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Why we still can't vote online, and why that may be a good thing

Residents vote at a polling place on the campus of the University of Northern Iowa on September 28, 2012 in Cedar Falls, Iowa.

There is a genre of tech stories that begin, "If we can put a man on the moon...". Today we complete that phrase with the words: "why can't we vote for president from our home computers?" Some people think that the convenience of clicking Romney or Obama the same way you buy a song on iTunes could radically increase voter participation.

So just what's stopping online voting? Tech news site The Verge took a close look at the reasons it's not yet a reality, with some interesting results. Thomas Houston is an editor who worked on the piece, he says one of the problems is simply a lack of enthusiasm when it comes to getting a working online voting system up and running. Where there's a political will, there's a political way. Do you hear people out clamoring in the streets for the ability to mark their ballot in the comfort of their home office? No. 

Then there's the bureaucracy. Any system for online voting would need government approval from jurisdictions across the country, says Jesse Hicks, a correspondent also at The Verge who worked on the story.

The real reason has a lot more to do with online security and just how easy it would be to hack such an online voting system -- or maybe rather how hard it would be to build one that was hack-proof. David Dill, a Stanford Professor who studies this, says it's a very real challenge. 

"It's very hard to secure personal computers," says Professor Dill, who also founded Verifiedvoting.org, an organization whose mission is safeguard elections in the digital age. "Most of the measures people come up with for making it secure wouldn't be succesful if you had a virus on your PC."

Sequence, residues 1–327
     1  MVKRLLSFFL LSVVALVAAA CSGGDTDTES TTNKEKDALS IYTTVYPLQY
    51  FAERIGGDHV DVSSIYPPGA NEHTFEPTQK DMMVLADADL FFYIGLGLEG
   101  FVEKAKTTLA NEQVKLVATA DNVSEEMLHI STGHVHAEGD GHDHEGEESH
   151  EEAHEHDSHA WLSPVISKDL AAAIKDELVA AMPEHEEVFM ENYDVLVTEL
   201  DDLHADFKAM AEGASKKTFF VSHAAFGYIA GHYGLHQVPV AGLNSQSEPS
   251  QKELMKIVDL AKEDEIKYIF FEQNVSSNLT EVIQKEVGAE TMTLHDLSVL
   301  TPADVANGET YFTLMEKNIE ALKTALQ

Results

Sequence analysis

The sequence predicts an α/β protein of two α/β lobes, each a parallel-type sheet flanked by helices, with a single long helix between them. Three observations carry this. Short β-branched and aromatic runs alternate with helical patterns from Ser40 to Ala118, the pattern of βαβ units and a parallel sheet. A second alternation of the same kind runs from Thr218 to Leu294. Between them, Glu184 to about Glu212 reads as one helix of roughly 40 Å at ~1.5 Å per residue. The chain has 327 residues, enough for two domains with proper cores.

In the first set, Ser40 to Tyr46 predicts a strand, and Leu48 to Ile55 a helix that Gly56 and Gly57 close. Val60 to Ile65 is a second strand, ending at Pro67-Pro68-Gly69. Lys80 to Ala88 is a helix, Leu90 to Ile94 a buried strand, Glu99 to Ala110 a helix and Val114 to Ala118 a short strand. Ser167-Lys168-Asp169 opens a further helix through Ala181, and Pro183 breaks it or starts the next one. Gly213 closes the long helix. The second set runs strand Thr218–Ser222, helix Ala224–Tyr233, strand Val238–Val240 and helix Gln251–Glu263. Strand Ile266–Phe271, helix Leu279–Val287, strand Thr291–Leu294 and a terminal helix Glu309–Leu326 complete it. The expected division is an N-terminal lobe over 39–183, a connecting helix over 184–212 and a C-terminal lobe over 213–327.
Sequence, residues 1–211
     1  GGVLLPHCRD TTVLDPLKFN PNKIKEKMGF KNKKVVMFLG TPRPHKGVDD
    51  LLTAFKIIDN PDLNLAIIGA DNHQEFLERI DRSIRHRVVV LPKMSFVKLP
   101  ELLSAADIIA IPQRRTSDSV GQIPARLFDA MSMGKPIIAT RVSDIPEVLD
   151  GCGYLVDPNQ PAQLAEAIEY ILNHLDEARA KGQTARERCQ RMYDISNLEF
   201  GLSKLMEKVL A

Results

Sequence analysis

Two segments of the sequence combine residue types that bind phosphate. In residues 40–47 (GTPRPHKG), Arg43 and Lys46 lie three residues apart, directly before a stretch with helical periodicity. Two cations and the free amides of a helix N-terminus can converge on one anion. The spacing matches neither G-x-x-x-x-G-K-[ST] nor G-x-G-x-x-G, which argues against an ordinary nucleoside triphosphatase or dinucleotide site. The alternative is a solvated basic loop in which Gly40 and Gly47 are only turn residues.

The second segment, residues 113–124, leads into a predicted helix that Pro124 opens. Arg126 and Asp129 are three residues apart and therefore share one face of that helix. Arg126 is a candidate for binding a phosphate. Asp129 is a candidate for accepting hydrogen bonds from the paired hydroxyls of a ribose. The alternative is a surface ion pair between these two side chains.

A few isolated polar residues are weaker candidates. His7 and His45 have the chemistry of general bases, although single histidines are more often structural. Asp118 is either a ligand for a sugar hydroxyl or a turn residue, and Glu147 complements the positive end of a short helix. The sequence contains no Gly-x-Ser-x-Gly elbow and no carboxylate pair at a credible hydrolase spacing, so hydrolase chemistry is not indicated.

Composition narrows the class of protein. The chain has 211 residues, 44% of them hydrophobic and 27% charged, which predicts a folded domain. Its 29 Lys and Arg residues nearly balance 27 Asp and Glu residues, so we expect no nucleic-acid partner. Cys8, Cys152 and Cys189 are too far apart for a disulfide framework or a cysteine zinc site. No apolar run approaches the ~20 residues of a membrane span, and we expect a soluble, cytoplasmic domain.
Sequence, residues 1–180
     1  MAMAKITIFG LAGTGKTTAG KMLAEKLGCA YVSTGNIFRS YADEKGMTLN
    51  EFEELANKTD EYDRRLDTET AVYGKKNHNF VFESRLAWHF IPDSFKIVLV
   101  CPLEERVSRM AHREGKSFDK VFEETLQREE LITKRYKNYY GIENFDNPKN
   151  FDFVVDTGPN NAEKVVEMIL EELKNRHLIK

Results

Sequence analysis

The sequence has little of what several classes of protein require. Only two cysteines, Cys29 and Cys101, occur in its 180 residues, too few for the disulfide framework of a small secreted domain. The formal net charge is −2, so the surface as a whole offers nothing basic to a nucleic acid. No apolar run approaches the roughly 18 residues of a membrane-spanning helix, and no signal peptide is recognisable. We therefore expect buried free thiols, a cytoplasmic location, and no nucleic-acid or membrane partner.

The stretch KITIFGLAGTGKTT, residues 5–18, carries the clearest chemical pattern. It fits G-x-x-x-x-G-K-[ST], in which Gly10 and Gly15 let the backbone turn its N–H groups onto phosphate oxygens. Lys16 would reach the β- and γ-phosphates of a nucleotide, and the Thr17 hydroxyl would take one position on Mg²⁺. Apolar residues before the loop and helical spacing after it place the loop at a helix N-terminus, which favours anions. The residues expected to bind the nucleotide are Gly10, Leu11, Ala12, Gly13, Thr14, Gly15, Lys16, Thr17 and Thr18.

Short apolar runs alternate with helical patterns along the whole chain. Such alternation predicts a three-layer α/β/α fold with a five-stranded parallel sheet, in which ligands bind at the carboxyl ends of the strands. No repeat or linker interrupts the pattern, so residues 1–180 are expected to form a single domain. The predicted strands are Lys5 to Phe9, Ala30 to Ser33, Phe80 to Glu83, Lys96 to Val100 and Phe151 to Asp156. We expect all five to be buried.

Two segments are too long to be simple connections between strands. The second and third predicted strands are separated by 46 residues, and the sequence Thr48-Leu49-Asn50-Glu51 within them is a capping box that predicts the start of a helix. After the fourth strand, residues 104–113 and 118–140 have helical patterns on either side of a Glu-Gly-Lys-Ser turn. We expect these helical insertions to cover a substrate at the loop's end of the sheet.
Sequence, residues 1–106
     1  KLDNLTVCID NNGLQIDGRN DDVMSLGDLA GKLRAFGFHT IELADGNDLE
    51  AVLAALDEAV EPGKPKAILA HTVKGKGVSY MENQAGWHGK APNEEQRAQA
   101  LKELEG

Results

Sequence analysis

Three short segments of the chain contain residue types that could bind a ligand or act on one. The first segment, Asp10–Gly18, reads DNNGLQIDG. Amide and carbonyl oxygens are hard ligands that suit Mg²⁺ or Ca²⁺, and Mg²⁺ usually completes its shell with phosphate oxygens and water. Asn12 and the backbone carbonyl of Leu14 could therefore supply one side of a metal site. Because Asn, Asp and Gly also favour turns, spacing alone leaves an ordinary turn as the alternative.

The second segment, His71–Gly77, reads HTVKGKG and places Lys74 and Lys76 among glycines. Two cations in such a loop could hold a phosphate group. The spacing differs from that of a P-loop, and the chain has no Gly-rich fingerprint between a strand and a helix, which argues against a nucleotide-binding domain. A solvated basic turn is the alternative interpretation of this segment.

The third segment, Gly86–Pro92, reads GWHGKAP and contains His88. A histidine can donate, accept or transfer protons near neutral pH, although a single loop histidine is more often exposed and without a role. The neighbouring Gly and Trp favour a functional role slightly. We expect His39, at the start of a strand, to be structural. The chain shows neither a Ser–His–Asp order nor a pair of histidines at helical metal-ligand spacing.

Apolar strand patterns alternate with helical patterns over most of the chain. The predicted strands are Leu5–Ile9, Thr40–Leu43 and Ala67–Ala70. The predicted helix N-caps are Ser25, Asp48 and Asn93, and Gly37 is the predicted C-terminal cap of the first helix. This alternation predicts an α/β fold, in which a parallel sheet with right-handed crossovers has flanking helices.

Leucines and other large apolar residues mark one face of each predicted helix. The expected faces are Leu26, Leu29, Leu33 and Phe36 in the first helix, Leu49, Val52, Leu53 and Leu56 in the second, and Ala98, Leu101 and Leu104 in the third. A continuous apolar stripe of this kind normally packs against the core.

So, that knocks out what -- about half the PC-owning population? There's another problem, too. Dill says that even if there was a company providing what was promised as a hack-safe electronic voting system, one might wonder at the motivations of that company's owning entity -- let alone less-than-ethical developers or programmers on the payroll. 

"Given the stakes of a presidential election," says Dill, "Owners of the company may have bought it for the purpose of effecting an eleciton. For example there have been hearings recently in Congress, expressing concern about Chinese manufacturers of computer equipment -- for national security reasons." 

It sounds like no matter how much you may engage in politics on your phone or your Facebook account, it'll be sometime before you're actually doing your civic duty. For some of us, that might come as a bit of a relief. 

So, no internet voting this election day, and in tomorrow night's debate don't expect questions for the presidential candidates via email, twitter, Youtube, etc. Online input is so 2008, apparently. The format for the second debate is town hall style with questions from undecided voters who are physically present in the audience. The news site TechPresident points out that Google has a special web page soliciting questions for the debate, but the moderator, CNN's Candy Crowley, isn't expected to consult those.

 

About the author

David Brancaccio is the host of Marketplace Morning Report. Follow David on Twitter @DavidBrancaccio

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